State officials say they want to have all elementary students back in the classroom five days a week by April.

With health metrics improving across Massachusetts schools, Elementary and Secondary Commissioner Jeff Riley says it's time to begin the process of getting more students back into classrooms and his goal is to make that happen by the month of April.

This morning Rielly informed the  Board of Elementary and Secondary Education that he plans to ask them in March to give him the authority to determine when hybrid and remote school models no longer count for learning hours, as part of a broader plan to return more students to physical school buildings.

Riley continued by saying he would take a "phased approach to returning students into the classrooms, working closely with state health officials and medical experts." He said his plan would focus on elementary school students first, with the initial goal of having them learning in-person five days a week this April.

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He told the board he would then plan to phase in middle and high school students by the end of this school year.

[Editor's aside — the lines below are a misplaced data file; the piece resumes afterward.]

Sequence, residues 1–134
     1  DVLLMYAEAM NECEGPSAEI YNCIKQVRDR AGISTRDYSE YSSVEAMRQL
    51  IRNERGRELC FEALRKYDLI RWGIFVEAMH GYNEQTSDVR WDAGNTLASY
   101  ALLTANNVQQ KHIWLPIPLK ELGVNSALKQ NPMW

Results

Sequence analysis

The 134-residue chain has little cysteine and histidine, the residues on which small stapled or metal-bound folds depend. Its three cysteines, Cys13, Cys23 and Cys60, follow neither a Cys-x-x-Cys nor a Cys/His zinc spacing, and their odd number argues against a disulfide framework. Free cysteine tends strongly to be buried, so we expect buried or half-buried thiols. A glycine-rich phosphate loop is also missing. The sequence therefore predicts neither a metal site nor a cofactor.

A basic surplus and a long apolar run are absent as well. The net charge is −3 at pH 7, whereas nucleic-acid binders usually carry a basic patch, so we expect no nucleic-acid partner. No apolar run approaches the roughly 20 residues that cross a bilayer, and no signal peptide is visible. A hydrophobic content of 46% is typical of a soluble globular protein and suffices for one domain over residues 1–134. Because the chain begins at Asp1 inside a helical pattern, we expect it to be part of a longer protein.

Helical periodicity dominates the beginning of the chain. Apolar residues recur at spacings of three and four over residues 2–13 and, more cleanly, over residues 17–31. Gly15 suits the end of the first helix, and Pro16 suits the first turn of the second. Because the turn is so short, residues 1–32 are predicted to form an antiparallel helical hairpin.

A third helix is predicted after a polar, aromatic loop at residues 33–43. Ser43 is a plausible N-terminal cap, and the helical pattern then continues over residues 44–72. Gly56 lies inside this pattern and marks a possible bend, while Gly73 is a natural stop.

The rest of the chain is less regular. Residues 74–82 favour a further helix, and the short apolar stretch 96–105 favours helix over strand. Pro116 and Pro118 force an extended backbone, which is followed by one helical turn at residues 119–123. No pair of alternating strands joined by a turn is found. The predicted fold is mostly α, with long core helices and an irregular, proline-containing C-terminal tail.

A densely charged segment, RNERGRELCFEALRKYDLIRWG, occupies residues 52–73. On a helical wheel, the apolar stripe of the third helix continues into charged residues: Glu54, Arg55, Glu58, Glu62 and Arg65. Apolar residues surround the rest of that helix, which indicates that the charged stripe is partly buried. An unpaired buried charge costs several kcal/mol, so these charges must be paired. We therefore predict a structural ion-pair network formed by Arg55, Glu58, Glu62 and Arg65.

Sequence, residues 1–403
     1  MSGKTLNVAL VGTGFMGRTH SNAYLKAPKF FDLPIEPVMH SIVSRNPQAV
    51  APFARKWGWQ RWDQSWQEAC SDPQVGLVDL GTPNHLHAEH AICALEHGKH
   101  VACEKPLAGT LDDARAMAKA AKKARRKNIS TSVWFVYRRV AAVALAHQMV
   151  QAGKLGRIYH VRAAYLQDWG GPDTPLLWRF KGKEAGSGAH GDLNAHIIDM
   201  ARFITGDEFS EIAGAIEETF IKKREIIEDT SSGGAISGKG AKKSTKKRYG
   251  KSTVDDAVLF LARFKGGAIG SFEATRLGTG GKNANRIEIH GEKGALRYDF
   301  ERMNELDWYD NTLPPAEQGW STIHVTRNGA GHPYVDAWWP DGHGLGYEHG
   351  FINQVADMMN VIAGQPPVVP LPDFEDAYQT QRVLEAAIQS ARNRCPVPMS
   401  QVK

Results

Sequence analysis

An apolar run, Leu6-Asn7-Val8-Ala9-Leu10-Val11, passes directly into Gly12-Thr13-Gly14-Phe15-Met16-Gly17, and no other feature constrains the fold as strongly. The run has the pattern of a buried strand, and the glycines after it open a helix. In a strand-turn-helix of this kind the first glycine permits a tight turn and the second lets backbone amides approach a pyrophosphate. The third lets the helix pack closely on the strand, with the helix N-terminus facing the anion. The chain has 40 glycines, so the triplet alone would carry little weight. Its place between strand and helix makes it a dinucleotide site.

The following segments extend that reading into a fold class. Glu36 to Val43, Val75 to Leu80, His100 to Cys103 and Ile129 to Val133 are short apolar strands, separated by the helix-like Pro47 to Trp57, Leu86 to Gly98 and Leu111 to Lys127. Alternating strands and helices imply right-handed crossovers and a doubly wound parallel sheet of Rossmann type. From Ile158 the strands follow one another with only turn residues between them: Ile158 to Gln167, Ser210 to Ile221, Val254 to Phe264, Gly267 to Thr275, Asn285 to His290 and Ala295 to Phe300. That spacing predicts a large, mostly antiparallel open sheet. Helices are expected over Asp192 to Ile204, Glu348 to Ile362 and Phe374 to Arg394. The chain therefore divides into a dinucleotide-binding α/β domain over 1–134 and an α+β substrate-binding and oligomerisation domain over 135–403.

"We are starting to see case rates come down again. About half of our schools have pool testing available for students and staff. The vaccine rollout is in process, warmer weather is on the horizon. We continue to see in-person instruction being delivered safely across the Commonwealth and many districts are starting to bring back students as the numbers continue to improve. This is especially true in the elementary school level and it continues to be vital that we get as many students back in-person as possible, preferably before the end of the year," Riley via WesternMass News 

Parents of students of all ages would still be able to choose remote learning for their child through the end of the year and there would be a waiver process for districts that might need a more incremental approach.


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